8. I am grateful you spoke out against the (bizarre) sub-movemnent in AA to get people off meds. I have sat through meetings like the one you describe. My outrage over anti-psych med sentiments is part of what drove me away from attending meetings (although, I am incredibly grateful to AA for helping me get sober & still practice the principles daily). Keep speaking out. Your voice could literally save someone’s life.

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  10. Bryce Warden on

    Been sober over 30 years and I would NEVER tell someone in recovery to throw out doctor prescribed meds. That’s is horrible, inexcusable and absolutely dangerous. Thank you for writing about this so beautifully and for getting this important message out.

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  12. I’m a Substance Misuse Practitioner with a long career in the field, I’m also a qualified Addiction Counsellor and specialised in 12 Step Treatment and attended meetings for seven years (I don’t do meetings anymore but still value everything they taught me) The rule is simple, if you have a fully diagnosed condition be it mental or physical and your prescribed meds to enhance your quality of life then take them, don’t feel guilty or ashamed because some person who has their head so far up their own arse spouts of in a meeting about a miraculous recovery from some condition they most likely didn’t have and if they did it really was most probably self inflicted due to years of taking copious amounts of mind and mood altering substances that once stopped, meant their Mental or Physical Health improved. To advise people to stop taking prescribed medication with full knowledge of why they’re taking it or trying to shame a person into stopping is dangerous and in my view criminal. Listen to your Doctors… Not the nut jobs who give an amazing program of hope a bad name!

  13. So many times I’ve heard people share that they thought they were fine, went off their psych meds, started to drink again, had a psychotic episode, and ended up back in a psych ward for sometimes weeks or even months until the treatment kicked in again. In my experience, the mental health professionals straightened out my bipolar issues with medications and therapy, and when I also finally then decided to work through the AA steps, with a sponsor well qualified to handle all my issues, I then grew spiritually. The AA component was vital to my recovery all around. The proper psych treatment, from professionals, including medications and working a sound AA program are intertwined if true recovery is the goal. Anyone who says to stop taking your medicine is making an uneducated statement.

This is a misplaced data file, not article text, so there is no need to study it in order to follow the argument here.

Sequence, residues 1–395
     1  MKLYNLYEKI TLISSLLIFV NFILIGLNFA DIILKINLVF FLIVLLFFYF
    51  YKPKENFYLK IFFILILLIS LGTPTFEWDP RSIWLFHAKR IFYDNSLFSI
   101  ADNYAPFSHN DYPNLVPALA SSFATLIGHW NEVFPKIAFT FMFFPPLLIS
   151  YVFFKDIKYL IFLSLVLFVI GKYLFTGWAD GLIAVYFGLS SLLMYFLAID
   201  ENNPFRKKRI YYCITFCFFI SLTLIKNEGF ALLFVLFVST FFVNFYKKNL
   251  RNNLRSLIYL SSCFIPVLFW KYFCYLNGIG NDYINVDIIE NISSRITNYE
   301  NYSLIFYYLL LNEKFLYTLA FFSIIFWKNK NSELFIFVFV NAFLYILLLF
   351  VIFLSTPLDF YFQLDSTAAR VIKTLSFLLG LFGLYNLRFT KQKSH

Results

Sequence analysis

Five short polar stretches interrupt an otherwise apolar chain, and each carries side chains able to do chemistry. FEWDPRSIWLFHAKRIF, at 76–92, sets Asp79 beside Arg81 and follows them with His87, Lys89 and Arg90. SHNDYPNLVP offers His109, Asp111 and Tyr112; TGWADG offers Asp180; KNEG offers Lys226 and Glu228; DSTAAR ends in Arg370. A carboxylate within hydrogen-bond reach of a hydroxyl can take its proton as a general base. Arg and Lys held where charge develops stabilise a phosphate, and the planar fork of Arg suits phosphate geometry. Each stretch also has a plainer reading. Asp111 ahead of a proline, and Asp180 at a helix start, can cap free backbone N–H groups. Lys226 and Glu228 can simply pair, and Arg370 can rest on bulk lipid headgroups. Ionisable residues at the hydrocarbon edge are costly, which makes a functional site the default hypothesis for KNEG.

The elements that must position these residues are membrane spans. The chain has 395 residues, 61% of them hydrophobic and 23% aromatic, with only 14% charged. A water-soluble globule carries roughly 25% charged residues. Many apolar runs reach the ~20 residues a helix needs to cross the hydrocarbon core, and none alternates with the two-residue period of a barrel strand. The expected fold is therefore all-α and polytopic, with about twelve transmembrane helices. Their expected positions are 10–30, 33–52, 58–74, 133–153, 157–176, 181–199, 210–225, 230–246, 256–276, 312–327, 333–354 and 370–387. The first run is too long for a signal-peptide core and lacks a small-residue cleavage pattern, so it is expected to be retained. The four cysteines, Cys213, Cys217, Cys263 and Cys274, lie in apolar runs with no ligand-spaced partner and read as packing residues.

14. Pingback: WHAT DOES AA REALLY THINK OF PSYCH MEDS? | Tracy Chabala

  15. On a site full of great recovery info this is the first that I can recommend as a “must read.” Thanks so much for sharing. I appreciate it as a nonAnon as I can now show it to those that are AA/12Step as support.

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About Author

Tracy Chabala is a freelance writer for many publications including the LA Times, LA Weekly, Smashd, VICE and Salon. She writes mostly about food, technology and culture, in addition to addiction and mental health. She holds a Master's in Professional Writing from USC and is finishing up her novel.